Thursday, August 15, 2013


August 15, 2013 The Solemnity of the Assumption Peace and Good, I am sorry that I am late getting this blog posted this week. I totally forgot about it. I have been in Rome all of this week. I am working on a couple of projects, such as translating a document for our Order. Most of what I am doing, however, is simply watching the shop. The Secretary General is on vacation, and we have to have someone around to check the mail to see if anything important should come in and to sit by the phone just in case we receive a phone call concerning something that needs immediate attention. Given the fact that this is mid-August, both of these things are highly improbable. Everything just about shuts down in Rome during these weeks. If you are ever thinking of coming to Rome, these are the weeks to avoid. It is very, very hot. Many of the Romans just close up shop and head either to the mountains or the seashore. They even close some of the restaurants. I am finishing up my weeks in Rome on Saturday. I will be flying out to San Francisco to attend a meeting of all of the provincials of the US, Canada, Great Britain/Ireland and Australia. We hold these meetings twice a year to make joint plans and speak about any topic that is proposed either from above (from the General level) or from below (from the grassroots, the individual friars or friaries). I will be out of Rome for almost a month. Then I will be back for two weeks, but almost immediately the definitory will be heading down to Puglia (southern Italy) for our annual retreat and a meeting. Then I will be off on the road for another couple of months. I finished a number of books: Speaking in Tongues by Jeffrey Deaver This is a mystery novel concerning Meagan, a young troubled girl who is going for counseling to a counselor. The replacement psychologist whom she visits kidnaps her with the intention of murdering her in front of her father. The father is a lawyer who sent the psychologist’s son to prison where he was murdered. The psychologist is also a mass murderer. He had been committed to a mental health facility where he was able to talk people into committing suicide. The title of the comes from the idea that both the lawyer and the psychologist are incredibly gifted in their ability to speak and convince others to do whatever they wanted them to do. There are abundant twists and turns in the story. Deaver knows how to write an interesting story. Patriotic Fire: Andrew Jackson and Jean Laffite at the Battle of New Orleans by Winston Groom This is one of those history books with which the author knows how to give all of the details that are important without overwhelming the reader with interesting but ultimately confusing sidelights. This is the story of a battle that was utterly unnecessary for it took place after the agents of the US and British governments had concluded a peace treaty in Ghent. Yet, the battle was the most important event for the United States throughout the entire war. It showed definitively that a citizen army such as the gathering of the militias that constituted Andrew Jackson’s force at New Orleans could defeat a highly professional force like that of the British. There is also the interesting story of Jean Laffite, a pirate who donated his services and supplies for the cause of the US (even as he was offered a very, very large bribe by the British to join their side. The war began because the British were interfering in our free trade. They would stop our ships and impress our sailors (force them to serve on their side) because after years of war, they were so short of sailors for their own fleet. They claimed that these were British sailors (even if we considered them to be naturalized citizens), and they often took off men who had actually been born in America. The war did not settle any of the big problems such as this. However, the fact that we survived against the strongest power in the world was already a victory. The war of 1812 is often called the second war of independence. The book of well written and I could recommend it to anyone who is interested in history and this period of time. D.C. Dead (Stone Barrington #22) by Stuart Woods This is part of the Stone Barrington series. The heroes of these stories are Stone Barrington who is a New York lawyer and Dino Bucetti who is a New York Detective. They are called down to Washington to investigate a murder-suicide that took place a year ago involved two White House staff members. The president and the first lady, who is also director of the CIA, do not believe that it was really a murder suicide. The dialog of the novel is not all that good. The morals of the main characters makes rabbits in heat look chaste. The story does have some good twists and turns, but it is just not all that believable. Cathedral of the Sea by Ildefonso Falconses This is one of those medieval epic stories like those written by Ken Follett. It takes place in Barcelona during the 14th century. The central theme is the building of a church by the Bastasche, those men who carried cargoes from the ships in the harbor to the warehouses. One of their members becames rich, has various adventures, and suffers the jealousy of others. The nobility make out very bad in this story, as do the Dominicans in charge of the inquisition. We hear of the persecution of the Jews and of those considered to be sinners or heretics. These stories tend to have heroes and villains who are clearly one or the other without a lot of texturing of their personalities. The story is not bad, but a little bit drawn out. I hope you have a good week. Hard to believe that Labor Day is right around the corner. Shalom Fr. Jude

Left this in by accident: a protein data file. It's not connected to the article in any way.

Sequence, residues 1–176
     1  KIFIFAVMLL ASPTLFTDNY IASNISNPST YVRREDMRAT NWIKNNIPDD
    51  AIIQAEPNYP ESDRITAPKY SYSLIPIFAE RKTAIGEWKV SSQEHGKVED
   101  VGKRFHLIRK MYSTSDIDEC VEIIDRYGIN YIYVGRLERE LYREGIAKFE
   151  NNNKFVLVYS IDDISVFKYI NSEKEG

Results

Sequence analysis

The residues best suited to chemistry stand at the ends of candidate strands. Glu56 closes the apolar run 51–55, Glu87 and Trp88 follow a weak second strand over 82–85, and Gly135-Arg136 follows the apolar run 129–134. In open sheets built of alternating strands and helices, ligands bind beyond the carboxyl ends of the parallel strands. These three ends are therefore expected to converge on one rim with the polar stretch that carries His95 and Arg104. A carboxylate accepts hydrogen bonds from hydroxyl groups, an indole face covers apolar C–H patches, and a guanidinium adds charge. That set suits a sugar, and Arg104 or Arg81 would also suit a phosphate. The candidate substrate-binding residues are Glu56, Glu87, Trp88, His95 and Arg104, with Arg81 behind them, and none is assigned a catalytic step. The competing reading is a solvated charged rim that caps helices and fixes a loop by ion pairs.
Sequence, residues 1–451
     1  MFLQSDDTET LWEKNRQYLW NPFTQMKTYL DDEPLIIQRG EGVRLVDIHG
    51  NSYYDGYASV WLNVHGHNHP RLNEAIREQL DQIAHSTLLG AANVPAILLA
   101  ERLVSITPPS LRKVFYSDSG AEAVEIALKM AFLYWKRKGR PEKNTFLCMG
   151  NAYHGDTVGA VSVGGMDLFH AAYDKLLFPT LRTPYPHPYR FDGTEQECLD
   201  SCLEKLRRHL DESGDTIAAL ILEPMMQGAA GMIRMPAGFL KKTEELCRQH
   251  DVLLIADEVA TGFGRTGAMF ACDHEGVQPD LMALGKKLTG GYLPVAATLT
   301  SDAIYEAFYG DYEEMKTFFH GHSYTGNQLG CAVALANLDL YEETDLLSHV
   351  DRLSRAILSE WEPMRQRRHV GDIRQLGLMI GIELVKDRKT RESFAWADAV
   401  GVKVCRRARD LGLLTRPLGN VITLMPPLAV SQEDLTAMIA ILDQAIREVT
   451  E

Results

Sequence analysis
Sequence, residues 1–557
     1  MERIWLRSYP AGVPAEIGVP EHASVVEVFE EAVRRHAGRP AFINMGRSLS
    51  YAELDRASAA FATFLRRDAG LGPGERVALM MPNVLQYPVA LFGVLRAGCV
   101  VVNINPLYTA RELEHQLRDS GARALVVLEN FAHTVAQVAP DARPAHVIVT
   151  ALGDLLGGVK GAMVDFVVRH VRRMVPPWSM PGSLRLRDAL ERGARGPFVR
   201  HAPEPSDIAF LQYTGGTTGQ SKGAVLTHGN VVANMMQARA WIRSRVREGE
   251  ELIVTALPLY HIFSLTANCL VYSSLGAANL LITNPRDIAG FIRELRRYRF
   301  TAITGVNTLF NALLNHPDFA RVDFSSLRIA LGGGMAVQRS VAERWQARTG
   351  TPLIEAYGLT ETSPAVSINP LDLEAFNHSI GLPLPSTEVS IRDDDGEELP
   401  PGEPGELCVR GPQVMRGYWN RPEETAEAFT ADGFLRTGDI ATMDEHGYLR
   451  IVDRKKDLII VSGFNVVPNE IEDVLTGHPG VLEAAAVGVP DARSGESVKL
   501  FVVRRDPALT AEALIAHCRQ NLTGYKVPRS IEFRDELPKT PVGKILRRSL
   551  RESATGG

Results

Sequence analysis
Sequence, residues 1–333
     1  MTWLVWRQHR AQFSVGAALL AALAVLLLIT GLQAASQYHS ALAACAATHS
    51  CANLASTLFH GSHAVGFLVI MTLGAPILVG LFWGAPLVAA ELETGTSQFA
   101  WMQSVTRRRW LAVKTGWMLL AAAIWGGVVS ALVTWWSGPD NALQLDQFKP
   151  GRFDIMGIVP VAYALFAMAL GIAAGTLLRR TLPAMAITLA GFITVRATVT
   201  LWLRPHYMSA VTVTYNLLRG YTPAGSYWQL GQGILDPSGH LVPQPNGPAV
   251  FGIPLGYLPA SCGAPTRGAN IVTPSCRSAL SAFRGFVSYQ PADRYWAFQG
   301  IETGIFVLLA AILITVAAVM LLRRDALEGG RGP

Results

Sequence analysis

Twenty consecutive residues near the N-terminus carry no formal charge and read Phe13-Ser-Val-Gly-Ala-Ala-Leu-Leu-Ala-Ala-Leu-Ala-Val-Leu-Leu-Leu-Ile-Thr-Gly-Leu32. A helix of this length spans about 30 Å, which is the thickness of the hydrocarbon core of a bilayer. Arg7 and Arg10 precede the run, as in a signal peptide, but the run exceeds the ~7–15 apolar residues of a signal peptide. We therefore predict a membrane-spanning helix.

1 comment:

  1. Dear Fr. Jude,

    I am a longtime user of your "Lector's Work Book", and would like to give you feed-back as how a non-lector utilizes it. I try to read (study) it Saturday night, as I attend the eleven o'clock mass on Sunday. Some times I don't read it until right before mass as we arrive an hour before ( my wife has choir warm-up).
    I read you comments first, then the reading. At first I would outline your comments on a small pad size sheet, inserting some quotes from the actual reading. This usually took about forty-five minutes. Then I took these notes to mass and referred to them before/during the readings, then filed them with our church worship sheet and notes I have taken on the Homily.
    Familiarizing myself with the reading before mass is a great, minimal, easily done, good habit. To outline and study them is more commendable, doable, time consuming and easy to skip doing.
    Then I thought of something my wife has said occasionally about different homilies we hear. She tries to take away at least one good idea from each homily and prefers to not have them wide ranging or complicated.
    Now I read your comments, then the reading, and try to write one good thought on the small note paper I take to mass. Sometimes it is more like a theme that takes a compound (grammatically poor) sentence - but that's OK.
    The readings are in our Church's hymnals, and using them, my notes, and "warming-up" with you workbook comprises my personal weekly CCD studies.
    This is in no way a criticism of your Lectors Workbook, it is complimentary feedback.

    Joseph Wetz (Blessed Sacrament Parish, Alexandria, VA)